Posts for: August, 2017
If you're currently undergoing orthodontic treatment, you're no doubt looking forward to the day your braces come off. But that won't end your treatment just yet — you'll need to wear a retainer.
Teeth are held secure in the bone of the jaw by an elastic tissue known as the periodontal ligament. As the braces “pull” the teeth to their new position, the ligament stretches and the bone remodels around the teeth. But the ligament also has a tendency to rebound as the tension eases when the braces are removed. The teeth could then return to their original position, especially during the first few months.
To prevent this patients wear an orthodontic appliance known as a retainer. It maintains some of the tension once supplied by the braces to help keep or “retain” the teeth in their new position. Depending on your age and other factors, you'll have to wear one for at least eighteen months; some patients, especially adults, may have to wear one indefinitely.
You may be familiar with a removable retainer, one you can take in and out of your mouth. But there's another type called a bonded retainer that's fixed to the teeth and can only be removed by a dentist. With this retainer a dentist bonds a thin piece of wire to the back of the teeth where it can't be seen. You can feel it, though, with the tongue: an unusual sensation at first, but one easily grown accustomed to.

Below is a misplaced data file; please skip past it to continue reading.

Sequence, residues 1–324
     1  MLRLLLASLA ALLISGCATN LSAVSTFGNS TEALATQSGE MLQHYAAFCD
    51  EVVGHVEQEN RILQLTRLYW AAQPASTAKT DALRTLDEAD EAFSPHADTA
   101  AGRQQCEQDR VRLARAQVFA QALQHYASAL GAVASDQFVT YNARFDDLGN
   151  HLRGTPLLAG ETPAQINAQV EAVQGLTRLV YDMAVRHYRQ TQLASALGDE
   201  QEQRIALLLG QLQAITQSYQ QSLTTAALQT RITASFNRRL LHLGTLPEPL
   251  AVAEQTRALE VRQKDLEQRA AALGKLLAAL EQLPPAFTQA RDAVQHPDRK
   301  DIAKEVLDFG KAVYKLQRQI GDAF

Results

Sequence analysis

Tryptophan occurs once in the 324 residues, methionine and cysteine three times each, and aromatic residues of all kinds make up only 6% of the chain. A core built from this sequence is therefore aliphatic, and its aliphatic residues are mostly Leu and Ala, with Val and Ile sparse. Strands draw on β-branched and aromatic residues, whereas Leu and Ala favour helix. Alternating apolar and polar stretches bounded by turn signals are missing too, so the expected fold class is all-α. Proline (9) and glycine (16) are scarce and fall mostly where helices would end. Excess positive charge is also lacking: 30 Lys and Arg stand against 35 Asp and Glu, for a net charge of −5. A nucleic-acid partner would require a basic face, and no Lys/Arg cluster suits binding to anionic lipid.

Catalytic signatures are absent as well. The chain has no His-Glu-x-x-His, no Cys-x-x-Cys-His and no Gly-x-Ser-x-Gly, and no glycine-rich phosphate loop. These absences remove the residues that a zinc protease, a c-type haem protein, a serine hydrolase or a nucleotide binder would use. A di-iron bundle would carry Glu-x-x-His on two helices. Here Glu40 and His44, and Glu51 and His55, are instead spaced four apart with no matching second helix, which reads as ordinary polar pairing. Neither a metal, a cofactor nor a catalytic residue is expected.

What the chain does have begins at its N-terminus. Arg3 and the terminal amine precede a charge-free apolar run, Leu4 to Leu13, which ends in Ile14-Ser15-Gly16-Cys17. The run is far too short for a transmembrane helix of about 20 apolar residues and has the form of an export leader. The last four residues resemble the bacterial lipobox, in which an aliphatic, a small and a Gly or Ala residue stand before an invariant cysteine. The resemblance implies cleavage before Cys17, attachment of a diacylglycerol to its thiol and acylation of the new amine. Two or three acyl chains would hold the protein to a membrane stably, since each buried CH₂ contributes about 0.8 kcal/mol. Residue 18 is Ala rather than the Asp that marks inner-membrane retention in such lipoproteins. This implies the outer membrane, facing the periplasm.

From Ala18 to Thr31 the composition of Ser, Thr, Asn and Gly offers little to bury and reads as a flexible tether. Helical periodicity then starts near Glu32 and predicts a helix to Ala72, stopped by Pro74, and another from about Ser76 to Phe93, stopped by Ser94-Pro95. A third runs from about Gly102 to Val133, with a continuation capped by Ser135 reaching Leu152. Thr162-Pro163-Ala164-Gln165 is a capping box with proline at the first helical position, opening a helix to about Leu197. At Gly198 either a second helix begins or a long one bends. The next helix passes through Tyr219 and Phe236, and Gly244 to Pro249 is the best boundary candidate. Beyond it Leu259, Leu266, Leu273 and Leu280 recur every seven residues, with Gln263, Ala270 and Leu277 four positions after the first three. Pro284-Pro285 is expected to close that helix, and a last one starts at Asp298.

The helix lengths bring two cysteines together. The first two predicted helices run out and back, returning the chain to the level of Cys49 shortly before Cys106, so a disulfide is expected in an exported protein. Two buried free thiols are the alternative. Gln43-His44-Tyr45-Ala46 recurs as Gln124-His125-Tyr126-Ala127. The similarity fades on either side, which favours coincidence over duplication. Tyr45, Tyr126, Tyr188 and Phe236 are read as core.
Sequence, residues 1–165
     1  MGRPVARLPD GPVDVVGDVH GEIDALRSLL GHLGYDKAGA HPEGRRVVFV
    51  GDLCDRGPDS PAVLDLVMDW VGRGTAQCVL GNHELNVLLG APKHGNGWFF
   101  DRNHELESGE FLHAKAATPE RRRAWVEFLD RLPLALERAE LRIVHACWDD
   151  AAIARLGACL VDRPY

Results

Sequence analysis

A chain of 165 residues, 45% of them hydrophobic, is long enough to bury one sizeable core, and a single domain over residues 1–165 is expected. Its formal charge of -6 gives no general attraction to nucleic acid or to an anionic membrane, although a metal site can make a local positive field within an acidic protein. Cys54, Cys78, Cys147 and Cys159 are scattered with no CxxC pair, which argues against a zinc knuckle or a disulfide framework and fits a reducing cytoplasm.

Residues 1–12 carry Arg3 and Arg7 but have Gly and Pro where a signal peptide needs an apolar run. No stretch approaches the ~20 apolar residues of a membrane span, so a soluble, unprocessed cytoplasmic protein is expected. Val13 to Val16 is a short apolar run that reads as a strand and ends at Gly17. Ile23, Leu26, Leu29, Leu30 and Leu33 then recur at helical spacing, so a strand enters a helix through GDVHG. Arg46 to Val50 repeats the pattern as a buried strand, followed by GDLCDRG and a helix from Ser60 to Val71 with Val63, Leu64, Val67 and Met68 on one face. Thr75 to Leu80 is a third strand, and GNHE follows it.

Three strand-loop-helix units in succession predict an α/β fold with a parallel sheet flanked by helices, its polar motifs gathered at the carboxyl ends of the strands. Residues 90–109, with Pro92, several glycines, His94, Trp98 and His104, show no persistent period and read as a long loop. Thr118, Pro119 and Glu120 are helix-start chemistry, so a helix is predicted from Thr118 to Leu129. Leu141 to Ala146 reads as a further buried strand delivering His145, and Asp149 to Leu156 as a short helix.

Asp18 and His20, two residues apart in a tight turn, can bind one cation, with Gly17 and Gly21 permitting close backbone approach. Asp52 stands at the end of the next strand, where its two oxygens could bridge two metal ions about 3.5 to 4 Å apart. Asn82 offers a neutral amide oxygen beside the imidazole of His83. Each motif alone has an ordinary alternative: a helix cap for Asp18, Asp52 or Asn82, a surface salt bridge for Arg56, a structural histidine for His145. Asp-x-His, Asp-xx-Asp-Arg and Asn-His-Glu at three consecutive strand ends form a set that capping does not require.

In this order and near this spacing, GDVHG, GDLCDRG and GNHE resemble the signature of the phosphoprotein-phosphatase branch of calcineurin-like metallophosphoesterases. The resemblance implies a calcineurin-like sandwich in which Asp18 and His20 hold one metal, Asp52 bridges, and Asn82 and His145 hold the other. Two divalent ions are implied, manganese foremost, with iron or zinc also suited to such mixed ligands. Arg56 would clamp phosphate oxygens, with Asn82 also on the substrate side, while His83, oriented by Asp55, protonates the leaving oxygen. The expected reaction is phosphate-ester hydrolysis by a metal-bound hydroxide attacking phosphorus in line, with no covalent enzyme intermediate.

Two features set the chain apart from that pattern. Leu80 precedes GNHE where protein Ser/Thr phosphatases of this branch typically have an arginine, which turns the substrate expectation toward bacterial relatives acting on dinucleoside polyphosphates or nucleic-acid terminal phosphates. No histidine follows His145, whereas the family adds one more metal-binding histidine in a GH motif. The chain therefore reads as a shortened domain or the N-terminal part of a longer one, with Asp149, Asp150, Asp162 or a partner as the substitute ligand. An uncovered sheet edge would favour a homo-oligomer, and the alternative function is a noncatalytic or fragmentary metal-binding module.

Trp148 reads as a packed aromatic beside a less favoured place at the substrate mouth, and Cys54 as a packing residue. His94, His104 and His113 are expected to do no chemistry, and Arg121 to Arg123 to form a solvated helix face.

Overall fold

Unlike their removable counterparts, bonded retainers aren't noticeable, either to others or the wearer. They're especially appropriate for patients who may not be as diligent in wearing a removable retainer.
It does, though, have some disadvantages. The position of the wire running horizontally across several teeth can make flossing difficult. And as with any retainer, removing it could increase the risk of the teeth moving out of alignment.
There are a number of factors to discuss with your orthodontist about which type of retainer is best for your situation. If you do choose a bonded retainer, be sure you work with the dental hygienist on how best to floss the affected teeth. And if you do have it removed, have a removable retainer prepared so you can preserve that smile you've invested so much into obtaining.
Veneers are one of the most common cosmetic dental treatments and for good reason. Because they can be used to change the shape, size and color of your teeth, they are the perfect option for a range of cosmetic imperfections like chips, cracks, gaps and dental stains. Dr. Thomas English in Conroe, TX, recommends veneers for a brighter, more symmetrical smile.
Get a Smile Makeover with Veneers in Conroe, TX
Whether you have put off fixing your dental problems due to lack of time, or a good old fashioned fear of going to the dentist, veneers are the answer to your problems. Not only are they one of the most minimally invasive cosmetic dental treatments, but they can also help to strengthen your teeth after tooth decay or root canal therapy. The procedure is fairly straightforward. A thin layer of porcelain designed to match your tooth's enamel is bonded directly onto the tooth. With proper care and maintenance, veneers have been known to last between five to ten years, often longer depending on the person.